Bill Nelson: Medicaid expansion would save taxpayers
Published: Tuesday, March 12, 2013 at 4:38 p.m.
Last Modified: Tuesday, March 12, 2013 at 4:38 p.m.
On Feb. 20, Florida Gov. Rick Scott announced he was going to take the federal government up on its offer to cover the cost of Medicaid expansion in Florida. His decision would give health coverage to as many as 1.2 million additional low-income Floridians.
Here’s how it would work. Starting in 2014, people who make less than 138 percent of poverty, or about $15,000 a year, will have the ability to receive health insurance through Medicaid -- coverage that they currently do not have access to in our state. For the first three years, the federal government will cover the cost of care for these new enrollees.
But last week, the Florida House of Representatives came out against Gov. Scott’s decision, saying that expanding Medicaid will cause costs to go up and care to deteriorate. Then this week, a committee in the Florida Senate rejected the Medicaid expansion as proposed by the governor.
It’s clear the Legislature has left the door open for an alternative that would privatize Medicaid. But by some estimates that would be way more expensive than simply expanding Medicaid. More specifically, the independent Congressional Budget Office estimates the cost of private insurance as 50 percent more than Medicaid.
In fact, I would argue that the stakes are too high and the cost is too great to not expand the program in the Sunshine State. Here’s why:
Right now Florida taxpayers are spending money to treat uninsured children, disabled and elderly folks when they get sick. When uninsured patients go to the emergency room for uncoordinated and often incredibly expensive care, a lot of hospital bills go unpaid. The state then steps in so hospitals can keep their doors open –- and, Florida taxpayers are left picking up the tab.
If Florida agrees to expand Medicaid, people won’t have to wait until a cold becomes pneumonia or high blood pressure becomes a heart attack. They can see a primary care physician to help keep diabetes under control or learn about what causes an asthma attack to prevent the next one.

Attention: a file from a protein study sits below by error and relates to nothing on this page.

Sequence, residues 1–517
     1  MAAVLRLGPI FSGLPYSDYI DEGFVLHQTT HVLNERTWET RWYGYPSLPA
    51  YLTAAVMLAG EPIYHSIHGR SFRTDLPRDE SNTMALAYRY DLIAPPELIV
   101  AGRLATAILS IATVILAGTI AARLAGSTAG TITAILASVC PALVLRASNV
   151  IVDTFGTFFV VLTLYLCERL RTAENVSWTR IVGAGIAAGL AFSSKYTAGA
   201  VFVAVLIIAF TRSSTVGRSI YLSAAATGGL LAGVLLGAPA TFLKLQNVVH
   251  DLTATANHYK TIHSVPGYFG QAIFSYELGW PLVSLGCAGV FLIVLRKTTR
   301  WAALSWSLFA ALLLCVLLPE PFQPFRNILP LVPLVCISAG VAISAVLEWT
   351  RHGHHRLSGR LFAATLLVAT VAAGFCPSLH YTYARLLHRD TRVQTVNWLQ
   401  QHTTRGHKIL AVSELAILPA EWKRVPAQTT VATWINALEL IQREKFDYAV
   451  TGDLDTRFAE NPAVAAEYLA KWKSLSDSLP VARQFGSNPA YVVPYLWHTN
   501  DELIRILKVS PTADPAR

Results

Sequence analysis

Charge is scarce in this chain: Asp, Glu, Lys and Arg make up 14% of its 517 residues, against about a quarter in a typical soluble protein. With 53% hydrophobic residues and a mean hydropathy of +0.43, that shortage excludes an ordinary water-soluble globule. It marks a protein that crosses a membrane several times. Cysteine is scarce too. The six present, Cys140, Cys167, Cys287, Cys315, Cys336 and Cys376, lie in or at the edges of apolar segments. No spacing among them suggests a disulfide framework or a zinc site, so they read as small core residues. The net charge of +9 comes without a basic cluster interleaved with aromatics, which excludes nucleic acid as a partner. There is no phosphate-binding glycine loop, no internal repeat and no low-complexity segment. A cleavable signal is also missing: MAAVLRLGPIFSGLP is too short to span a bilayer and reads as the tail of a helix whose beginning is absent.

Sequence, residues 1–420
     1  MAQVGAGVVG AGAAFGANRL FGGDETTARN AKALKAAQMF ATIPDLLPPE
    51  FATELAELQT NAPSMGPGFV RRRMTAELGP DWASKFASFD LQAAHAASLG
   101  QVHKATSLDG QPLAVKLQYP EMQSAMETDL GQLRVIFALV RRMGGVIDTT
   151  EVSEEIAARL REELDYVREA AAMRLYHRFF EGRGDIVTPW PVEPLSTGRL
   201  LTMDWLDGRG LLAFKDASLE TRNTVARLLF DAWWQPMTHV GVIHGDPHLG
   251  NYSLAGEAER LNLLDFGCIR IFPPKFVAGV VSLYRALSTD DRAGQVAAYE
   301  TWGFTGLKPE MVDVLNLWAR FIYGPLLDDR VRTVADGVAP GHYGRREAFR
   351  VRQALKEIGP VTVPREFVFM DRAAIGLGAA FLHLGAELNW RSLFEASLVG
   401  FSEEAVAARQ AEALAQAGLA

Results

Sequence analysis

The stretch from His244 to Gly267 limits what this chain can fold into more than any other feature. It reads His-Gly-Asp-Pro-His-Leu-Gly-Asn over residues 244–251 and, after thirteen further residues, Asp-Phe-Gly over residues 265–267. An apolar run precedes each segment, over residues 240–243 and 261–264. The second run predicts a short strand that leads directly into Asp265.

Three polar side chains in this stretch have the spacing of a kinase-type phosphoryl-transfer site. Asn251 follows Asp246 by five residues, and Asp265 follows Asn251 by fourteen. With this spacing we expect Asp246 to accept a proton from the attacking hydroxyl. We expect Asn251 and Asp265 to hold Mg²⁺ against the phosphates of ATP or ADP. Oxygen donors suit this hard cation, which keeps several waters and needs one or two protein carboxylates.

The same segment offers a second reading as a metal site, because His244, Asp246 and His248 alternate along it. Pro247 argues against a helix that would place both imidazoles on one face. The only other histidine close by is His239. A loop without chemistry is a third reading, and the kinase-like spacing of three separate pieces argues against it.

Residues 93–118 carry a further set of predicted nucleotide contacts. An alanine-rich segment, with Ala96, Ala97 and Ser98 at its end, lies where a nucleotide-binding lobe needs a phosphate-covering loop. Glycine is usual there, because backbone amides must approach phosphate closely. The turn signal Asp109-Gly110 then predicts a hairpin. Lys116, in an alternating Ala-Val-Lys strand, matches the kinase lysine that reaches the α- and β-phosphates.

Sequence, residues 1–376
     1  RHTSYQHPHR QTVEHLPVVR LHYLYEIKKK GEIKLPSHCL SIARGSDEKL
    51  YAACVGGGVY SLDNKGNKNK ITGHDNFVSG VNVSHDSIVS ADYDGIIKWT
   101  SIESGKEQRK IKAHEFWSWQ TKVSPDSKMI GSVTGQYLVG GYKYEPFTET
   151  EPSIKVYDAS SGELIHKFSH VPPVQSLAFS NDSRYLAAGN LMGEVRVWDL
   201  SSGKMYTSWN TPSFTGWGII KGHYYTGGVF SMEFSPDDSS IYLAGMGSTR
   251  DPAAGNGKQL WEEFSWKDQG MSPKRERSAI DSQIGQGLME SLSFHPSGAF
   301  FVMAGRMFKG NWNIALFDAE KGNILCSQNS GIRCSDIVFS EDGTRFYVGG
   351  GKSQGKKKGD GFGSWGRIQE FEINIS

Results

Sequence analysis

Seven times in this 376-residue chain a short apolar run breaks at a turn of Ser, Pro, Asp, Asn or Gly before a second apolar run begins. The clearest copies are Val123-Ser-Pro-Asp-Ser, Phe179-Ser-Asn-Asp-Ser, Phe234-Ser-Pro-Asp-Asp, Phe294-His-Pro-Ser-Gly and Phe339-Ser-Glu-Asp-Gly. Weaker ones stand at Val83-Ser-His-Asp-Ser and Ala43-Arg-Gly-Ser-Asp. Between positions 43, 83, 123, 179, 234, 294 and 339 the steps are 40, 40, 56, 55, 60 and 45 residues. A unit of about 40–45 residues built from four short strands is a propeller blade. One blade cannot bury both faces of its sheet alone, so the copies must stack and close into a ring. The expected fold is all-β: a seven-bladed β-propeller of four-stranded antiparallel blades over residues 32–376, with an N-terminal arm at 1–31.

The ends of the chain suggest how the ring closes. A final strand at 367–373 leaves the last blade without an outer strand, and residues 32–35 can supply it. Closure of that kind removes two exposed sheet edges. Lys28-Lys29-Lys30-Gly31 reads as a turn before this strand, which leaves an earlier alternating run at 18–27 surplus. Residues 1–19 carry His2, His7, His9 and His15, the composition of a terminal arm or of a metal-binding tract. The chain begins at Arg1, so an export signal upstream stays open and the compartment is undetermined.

Providing the poor with health coverage for the care they need up front is a smarter way to use money. And, it’ll free up funds that were going towards hospital bills for other priorities like education or infrastructure.
It’s also important to note that if Florida doesn’t take the money the federal government is offering, then other states will. This happened when the governor rejected billions in high-speed rail dollars. Across the country, states are expanding Medicaid, and another state will take the money that’s been set aside for the Sunshine State. Governor Scott pointed out, the health-care reform –- which called for Medicaid expansion -– is now the law. So, if we’re already paying for it, shouldn’t we reap the savings from smarter care?
One major benefit of health reform in the private insurance marketplace is subsidies designed to make insurance affordable. The subsidies are scheduled to start in 2014 and will available in every state –- including Florida.
But, if Florida turns down the money, those with incomes below 100 percent of poverty will not get assistance so they can afford the health insurance. They will not get help, while many people with higher incomes will still get assistance paying for coverage. We’ll be in the same place we are now: spending more for worse coverage because people don’t have any other option.
In his announcement two weeks ago, Gov. Scott said he could not “in good conscience deny the uninsured access to care.” Today, I urge the Legislature to support his decision. How can state lawmakers possibly rationalize their decision not to do so?
The Legislature should not miss this opportunity to take advantage of a health-care investment that will reap benefits for all Floridians.
Bill Nelson is Florida’s senior U.S. senator and a member of the Senate Commerce, Finance, Budget and Armed Services committees, and chairman of the Special Committee on Aging.
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